Egypt’s judges will boycott monitoring the constitutional referendum and go on an open-ended strike unless their demands for the draft are met.
The decision of the Judges’ Club general assembly to boycott the referendum on the constitution is supported by most judges and not just those in the club, said spokesperson Mohamed Abdel Hady in a statement on Sunday.
The club held an emergency meeting on Thursday to discuss the Constituent Assembly’s refusal to adopt the judges’ suggested changes to the section of the constitution on the judiciary.
Members voted to boycott the referendum if the assembly does not allow the club’s board and the Supreme Council of the Judiciary to draft the section themselves.
Abdel Hady’s statement was in response to comments made by Minister of Justice Ahmed Mekki on Sunday.
Mekki said that the referendum on the constitution would be held on time and that Egypt’s judges would monitor the referendum, despite the call of the board of the Judges’ Club for them to boycott.
“It is not within the rights of the executive branch, represented by the minister of justice, to interfere in the decisions of the general assembly of Egypt’s judges, either through supporting or rejecting them,” said Abdel Hady.
He added that almost 7,000 judges voted for the boycott and the decision belongs to them, not the club’s board.
The general assembly’s decisions are final and obligatory, he said. All judges who do not adhere to them will have their membership revoked from the club, which acts as a quasi syndicate for judges.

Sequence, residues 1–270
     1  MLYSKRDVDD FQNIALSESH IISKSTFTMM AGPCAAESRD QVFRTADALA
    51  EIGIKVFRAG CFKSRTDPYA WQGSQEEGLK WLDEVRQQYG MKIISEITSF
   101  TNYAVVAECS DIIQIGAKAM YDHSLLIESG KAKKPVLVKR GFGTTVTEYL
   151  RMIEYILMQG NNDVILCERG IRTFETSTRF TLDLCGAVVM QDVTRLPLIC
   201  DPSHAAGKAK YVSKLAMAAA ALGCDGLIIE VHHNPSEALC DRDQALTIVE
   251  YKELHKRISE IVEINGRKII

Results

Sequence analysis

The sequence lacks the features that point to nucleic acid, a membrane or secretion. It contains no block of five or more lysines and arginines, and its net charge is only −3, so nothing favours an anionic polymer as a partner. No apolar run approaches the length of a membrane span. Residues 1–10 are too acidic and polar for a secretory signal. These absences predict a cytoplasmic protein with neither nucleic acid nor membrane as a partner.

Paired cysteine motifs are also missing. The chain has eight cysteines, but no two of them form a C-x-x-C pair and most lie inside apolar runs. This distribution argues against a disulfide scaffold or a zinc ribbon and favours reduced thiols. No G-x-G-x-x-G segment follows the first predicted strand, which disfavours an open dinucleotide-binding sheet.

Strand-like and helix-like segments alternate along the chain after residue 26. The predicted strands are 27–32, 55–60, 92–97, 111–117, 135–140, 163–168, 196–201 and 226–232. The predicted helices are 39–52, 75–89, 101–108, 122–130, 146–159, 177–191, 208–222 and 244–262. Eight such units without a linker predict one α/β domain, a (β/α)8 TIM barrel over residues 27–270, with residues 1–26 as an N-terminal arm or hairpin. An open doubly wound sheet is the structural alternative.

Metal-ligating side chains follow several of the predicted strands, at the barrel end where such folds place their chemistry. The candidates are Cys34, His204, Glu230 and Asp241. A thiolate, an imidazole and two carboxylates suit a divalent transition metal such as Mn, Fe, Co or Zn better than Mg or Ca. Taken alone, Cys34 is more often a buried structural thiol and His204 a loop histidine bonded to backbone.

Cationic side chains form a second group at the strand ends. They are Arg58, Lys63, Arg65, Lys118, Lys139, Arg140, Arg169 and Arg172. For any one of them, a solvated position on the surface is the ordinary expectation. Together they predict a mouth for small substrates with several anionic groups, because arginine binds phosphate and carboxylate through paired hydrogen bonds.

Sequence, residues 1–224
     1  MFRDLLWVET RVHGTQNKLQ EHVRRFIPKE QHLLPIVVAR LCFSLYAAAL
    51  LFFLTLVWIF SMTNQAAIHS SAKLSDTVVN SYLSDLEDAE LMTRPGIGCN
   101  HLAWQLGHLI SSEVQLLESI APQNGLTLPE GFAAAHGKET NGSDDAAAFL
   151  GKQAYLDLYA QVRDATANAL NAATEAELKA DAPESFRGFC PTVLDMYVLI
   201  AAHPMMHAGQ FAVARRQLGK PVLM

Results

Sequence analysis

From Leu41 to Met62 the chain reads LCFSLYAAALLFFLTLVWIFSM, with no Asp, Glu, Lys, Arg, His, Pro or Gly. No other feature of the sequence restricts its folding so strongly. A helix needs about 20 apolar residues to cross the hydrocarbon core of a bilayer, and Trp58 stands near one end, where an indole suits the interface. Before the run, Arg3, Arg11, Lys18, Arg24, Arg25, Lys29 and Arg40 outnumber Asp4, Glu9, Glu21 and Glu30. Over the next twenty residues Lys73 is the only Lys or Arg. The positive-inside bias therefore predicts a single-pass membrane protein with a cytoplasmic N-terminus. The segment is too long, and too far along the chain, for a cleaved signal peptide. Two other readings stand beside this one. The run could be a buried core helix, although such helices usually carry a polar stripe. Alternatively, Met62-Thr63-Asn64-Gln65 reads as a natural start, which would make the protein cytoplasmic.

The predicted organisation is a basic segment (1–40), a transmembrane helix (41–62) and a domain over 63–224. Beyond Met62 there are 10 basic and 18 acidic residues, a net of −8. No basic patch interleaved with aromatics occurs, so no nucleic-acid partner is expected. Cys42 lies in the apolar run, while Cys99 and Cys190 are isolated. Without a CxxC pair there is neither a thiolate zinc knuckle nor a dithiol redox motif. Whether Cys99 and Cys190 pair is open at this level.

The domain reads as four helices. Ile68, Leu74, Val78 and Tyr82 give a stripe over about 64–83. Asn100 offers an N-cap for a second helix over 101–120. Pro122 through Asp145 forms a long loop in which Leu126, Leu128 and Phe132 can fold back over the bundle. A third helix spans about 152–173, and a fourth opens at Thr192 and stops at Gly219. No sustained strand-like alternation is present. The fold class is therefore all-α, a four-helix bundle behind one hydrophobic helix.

The Judges’ Club held an emergency meeting on Thursday with 6,852 judges in attendance including the complete membership of the Supreme Council of the Judiciary and the prosecutor general.
They voted to reject the judiciary section in the current draft constitution and called for it to be removed until it is amended.
The general assembly also recommended that the club’s board, led by chairman Ahmed Al-Zend in coordination with the Supreme Council of the Judiciary, be allowed to draft the section so that they may ensure the complete independence of the judiciary, so neither the executive or legislative branches may interfere with it.
The judges declared their refusal of any “meddling” with the prosecutor general or public prosecution’s powers in the new constitution.
The members voted that if the Constituent Assembly were to reject the club board and Supreme Council of the Judiciary’s draft, judges across Egypt would declare an open ended strike and suspend work in all courts, in addition to not monitoring the referendum or the parliamentary elections that will follow.